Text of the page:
Finishing the basement frees up space, creates storage, and lets you create the kind of room you need from scratch. If you’re thinking about going after this valuable investment, here are some facts should be aware of before you start construction!
Fact #1: You Need to Account for Moisture
Before you launch your basement remodel, it’s important to take care of any moisture issues down there. (After all, the American Society of Home Inspectors estimates that 60% of basements are wet.) Left unaddressed, leaks in the basement lead to rot and mildew, which could decompose your costly remodel within a short time.
As a result, be sure to seal up foundation cracks, install a sump pump and floor drainage, and check gutters for issues BEFORE your remodel.
Fact #2: Take Steps to Cut Down on Noise
You new basement is going to be an amazing spot for you and your family, whether you decide to create a home theater, playroom, home gym, office, or something entirely your own. But no matter what you create, it’s smart to guard against noise pollution.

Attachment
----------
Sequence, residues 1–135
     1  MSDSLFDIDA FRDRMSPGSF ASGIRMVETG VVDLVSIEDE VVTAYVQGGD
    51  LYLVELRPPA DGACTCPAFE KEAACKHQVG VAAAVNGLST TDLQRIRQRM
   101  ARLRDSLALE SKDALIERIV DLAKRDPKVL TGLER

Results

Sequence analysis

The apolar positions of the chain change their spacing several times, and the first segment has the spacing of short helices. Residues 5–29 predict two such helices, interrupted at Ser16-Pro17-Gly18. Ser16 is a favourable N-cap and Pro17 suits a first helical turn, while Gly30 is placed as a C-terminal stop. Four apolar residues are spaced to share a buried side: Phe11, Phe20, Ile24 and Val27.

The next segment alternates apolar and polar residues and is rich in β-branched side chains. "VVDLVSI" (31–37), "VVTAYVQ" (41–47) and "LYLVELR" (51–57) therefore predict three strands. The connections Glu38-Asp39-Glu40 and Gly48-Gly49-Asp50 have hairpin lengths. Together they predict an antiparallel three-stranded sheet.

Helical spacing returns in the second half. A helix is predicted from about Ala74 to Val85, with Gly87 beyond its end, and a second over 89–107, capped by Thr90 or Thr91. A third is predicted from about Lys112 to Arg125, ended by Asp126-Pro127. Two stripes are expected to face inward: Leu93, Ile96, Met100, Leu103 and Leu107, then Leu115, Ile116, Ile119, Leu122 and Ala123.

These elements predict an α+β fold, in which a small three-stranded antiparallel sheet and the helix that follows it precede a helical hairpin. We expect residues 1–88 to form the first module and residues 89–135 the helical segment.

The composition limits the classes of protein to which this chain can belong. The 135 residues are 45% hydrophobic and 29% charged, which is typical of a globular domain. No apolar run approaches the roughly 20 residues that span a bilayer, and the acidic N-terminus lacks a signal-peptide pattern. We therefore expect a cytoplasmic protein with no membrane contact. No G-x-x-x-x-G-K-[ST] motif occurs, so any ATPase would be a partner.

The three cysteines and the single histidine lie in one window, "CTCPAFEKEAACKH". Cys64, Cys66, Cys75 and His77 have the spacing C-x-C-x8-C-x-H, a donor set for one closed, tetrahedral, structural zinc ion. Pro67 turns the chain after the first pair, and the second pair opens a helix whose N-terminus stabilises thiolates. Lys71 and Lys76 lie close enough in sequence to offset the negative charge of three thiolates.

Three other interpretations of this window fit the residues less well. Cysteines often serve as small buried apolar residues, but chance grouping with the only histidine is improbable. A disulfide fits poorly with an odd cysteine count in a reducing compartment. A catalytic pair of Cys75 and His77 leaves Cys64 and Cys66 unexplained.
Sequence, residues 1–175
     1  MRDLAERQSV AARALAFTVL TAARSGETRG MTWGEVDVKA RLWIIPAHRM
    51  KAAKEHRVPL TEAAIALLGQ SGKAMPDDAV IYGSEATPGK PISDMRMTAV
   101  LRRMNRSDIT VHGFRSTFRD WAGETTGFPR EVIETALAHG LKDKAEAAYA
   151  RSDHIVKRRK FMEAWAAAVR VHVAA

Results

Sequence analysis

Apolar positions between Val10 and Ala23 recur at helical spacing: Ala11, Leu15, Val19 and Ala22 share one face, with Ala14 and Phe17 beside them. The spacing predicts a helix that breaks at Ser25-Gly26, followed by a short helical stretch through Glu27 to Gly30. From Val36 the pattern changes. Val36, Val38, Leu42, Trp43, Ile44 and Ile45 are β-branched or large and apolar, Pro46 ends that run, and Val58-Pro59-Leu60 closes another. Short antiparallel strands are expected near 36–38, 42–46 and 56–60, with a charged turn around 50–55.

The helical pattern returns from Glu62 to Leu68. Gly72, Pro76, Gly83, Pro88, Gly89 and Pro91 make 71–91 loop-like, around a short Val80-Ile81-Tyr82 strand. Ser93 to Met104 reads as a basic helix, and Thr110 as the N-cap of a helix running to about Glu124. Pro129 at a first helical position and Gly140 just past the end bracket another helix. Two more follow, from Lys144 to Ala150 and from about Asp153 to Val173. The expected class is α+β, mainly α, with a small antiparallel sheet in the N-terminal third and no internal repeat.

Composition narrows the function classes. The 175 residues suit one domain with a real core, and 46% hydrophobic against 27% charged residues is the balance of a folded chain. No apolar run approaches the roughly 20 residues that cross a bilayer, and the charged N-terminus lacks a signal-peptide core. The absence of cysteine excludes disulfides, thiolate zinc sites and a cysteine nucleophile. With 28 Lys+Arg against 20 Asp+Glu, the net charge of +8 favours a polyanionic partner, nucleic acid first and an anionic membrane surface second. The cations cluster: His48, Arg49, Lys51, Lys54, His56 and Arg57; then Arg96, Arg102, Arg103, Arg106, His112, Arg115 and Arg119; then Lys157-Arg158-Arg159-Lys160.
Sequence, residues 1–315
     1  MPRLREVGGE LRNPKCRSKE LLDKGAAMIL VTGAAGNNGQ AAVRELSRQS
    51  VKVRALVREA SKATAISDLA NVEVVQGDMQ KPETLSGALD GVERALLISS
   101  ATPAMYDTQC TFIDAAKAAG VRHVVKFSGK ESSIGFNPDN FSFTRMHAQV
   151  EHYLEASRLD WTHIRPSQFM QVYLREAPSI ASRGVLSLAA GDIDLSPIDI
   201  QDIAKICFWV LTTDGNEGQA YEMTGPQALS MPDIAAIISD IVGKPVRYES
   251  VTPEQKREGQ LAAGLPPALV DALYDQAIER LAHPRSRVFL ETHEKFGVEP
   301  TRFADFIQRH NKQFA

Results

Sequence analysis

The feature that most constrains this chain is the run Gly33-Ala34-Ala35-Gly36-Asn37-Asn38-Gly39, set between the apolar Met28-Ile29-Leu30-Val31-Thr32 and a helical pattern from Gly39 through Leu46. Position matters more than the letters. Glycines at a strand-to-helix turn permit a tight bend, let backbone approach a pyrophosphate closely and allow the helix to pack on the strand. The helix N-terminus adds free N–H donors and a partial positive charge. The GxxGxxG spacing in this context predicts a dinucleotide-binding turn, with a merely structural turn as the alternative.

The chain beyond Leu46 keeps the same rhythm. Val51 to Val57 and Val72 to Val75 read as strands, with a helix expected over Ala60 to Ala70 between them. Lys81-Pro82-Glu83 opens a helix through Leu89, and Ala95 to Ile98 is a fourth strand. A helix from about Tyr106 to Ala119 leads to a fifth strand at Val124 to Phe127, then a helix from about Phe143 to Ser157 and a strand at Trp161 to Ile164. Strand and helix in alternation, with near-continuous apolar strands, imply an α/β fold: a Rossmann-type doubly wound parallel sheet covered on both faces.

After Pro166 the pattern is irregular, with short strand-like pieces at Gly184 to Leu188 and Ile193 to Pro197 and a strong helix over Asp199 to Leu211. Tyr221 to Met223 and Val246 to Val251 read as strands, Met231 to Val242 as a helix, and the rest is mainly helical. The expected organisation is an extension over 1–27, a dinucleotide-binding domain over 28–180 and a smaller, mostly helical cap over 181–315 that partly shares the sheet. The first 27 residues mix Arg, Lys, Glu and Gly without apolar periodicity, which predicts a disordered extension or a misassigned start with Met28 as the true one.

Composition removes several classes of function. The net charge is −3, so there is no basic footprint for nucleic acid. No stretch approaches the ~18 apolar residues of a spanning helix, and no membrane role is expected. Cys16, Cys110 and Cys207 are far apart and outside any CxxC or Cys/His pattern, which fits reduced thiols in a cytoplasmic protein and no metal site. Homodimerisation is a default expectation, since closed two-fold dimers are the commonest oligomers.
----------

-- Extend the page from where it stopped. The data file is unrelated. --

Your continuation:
Noises from upstairs, like foot traffic or loud televisions, can sometimes travel through the floor easily, so insulating the ceiling above the basement with fiberglass or stone wool can be a good solution. Acoustic tiles are another option, but the best way to contain sound usually depends on your particular basement.
Fact #3: Not Getting Your Permit Can Have Serious Consequences
Because the basement isn’t visible from outdoors, it might be tempting to DIY your basement remodel without getting a permit. Permits can also be time-consuming and costly, which doesn’t exactly inspire you to start the process of getting one.
But you’d be risking a lot by neglecting your permits. For one, even though your basement is below ground, it’s usually easy to tell if a home is undergoing renovations just by the trash piling up outside the house. If the building department catches you without a permit, you could end up being told to tear down your work and start over.
Furthermore, even if you do manage to complete the project without a permit, you could pay for that move later on. Future buyers might compel you to offer them a lower price for work completed without a permit, so you’d suffer a loss from your remodel rather than benefitting from added value.